With New England maple syrup producers cooking up 2.19 million gallons of maple syrup in 2015 and selling a gallon of the sweet stuff at nearly $35 a gallon in 2014, on average, as the U.S. Department of Agriculture’s Economic Research Service noted, there’s a lot of selling to do. Along with holding maple festivals on the weekend, can working with local community organizations increase maple syrup sales?
Gary Bilek, president of The Pennsylvania Maple Syrup Producers Council, explained how offering community events provides another opportunity for maple sugar houses to help educate and increase sales opportunities. These events can act in conjunction with more common events held on the weekend.
“What we see happening, especially on a regional level, is that those regions will usually schedule open houses. That frequently gets attention of other groups like Boy Scout groups or it might be a ladies garden club,” Bilek said. While open houses may not be the best time for these groups, it may prompt them to reach out to schedule an event.
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Preparing for a group visit
As Bilek noted, “The maple producer’s got to offer an event. They need to offer a reason for them to come. It needs to be the destination of their trip, not just a stop along the way.”
He discussed how sugar house operators can involve and educate their visitors, regardless of their age. Whether the tree is producing sap, Bilek explained how giving them a chance to drill and tap a tree gives visitors a more memorable experience.
“And it’s amazing how many parents will do that if they have the opportunity,” Bilek said. “You’re going to think, some grownups are not just going to drill a hole in this dead tree in order to simulate tapping a tree, and there’s a lot of them that will. They want that experience.”
One way to work with local community organizations to increase exposure is to bring the sugaring process to the organization. Amber McDonald, environmental educator and administrator of Woodbury, Connecticut.-based Flanders Nature Center & Land Trust, explained how the process works.
“We basically do the same program that they would see if they came here, minus actually going out to collect the sap and actually seeing the sugar house in action,” McDonald explained.
The program begins with the Native Americans’ initial maple syrup experience to the Colonial time frame to modern-day maple processing. Tools shown include birch, wooden and metal buckets, hand drills and a tomahawk. A display of different taps, “or spills” as McDonald said, used throughout history are also brought to be shown, along with the finished maple syrup.
Kids vs. parents
Bilek shared an example of how answering tour questions for children and adults must be approached differently.
“Probably with every question that you get there’s two parts to the answer,” Bilek said. “There’s the case with the kids, and that is normally where I would always start because that would be the primary group. I would relate that answer, you know, where does the sugar come from, let’s say. It’s in the tree.”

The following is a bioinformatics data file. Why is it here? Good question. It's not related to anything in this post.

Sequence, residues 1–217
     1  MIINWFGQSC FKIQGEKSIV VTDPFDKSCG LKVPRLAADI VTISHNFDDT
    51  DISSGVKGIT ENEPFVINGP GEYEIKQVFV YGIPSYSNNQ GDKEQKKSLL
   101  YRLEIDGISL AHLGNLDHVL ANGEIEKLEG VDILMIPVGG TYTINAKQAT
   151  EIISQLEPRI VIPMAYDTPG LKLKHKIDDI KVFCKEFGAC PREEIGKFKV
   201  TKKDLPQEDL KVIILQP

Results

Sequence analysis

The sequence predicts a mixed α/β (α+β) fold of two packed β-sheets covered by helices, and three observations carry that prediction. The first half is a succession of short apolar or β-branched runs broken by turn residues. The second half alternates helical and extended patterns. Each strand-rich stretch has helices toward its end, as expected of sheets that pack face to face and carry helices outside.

The producer can continue the conversation with the younger visitors by asking them what’s not on the trees, what colors the leaves are and what role the leaves have in maple syrup production. While the kids are often the focus of tour, there are many ways to engage parents with interesting questions.
Bilek recommends asking more technical questions on the sugaring process. “Do you know what kind of sugar the tree makes?”
He further explained how to build on an answer to educate and distinguish maple syrup as a standout sweetener option. Bilek said, “Well, it makes sucrose, the same kind as cane sugar but it’s not bleached. It’s all natural, it has antioxidants and things like that in it. You’re adding a little more to the end of the story, but you’re addressing it specifically to the adults.”
Wrapping up a tour
Unlike an open house or weekend-type event open to the general public, running special events for individual groups naturally gives the sugar house operator an ability for further educational and marketing opportunities.
“If [a sugar house operator is] not on the open house weekend, you have the ability to go with the [tour group],” Bilek noted. “It also gives us a chance again to interact with them, just talk to them.”
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To make a lasting connection, Bilek said there’s a level of trust that needs to be established with the tour participants.
“That’s a tone of trust between the person that’s making the food product and the person that’s consuming it,” Bilek said. “They need to have that level of trust because that’s what this whole industry is built on.”
If an adult approaches a sugar maker at the end of a tour, Bilek advised sugar makers to support any claims they make to a group with educational resources. Beyond handing out brochures summarizing the sugar making process, he recommends having easily sharable nutritional information on maple syrup that can educate visitors and even answer questions that visitors may have.
The two most important snapshots of information for visitors, according to Bilek, come from the International Maple Syrup Institute. Whether a “rack card” that can be handed out to visitors, or a poster, these two common handouts can provide visitors with the health benefits (antioxidants, minerals, etc.) and a brief discussion on how maple syrup grades are graded. Bilek explained how visitors can understand that grade B no longer exists, but is now a part of Grade A evaluation tiers due to the recent grading changes in 2015 issued by the USDA.
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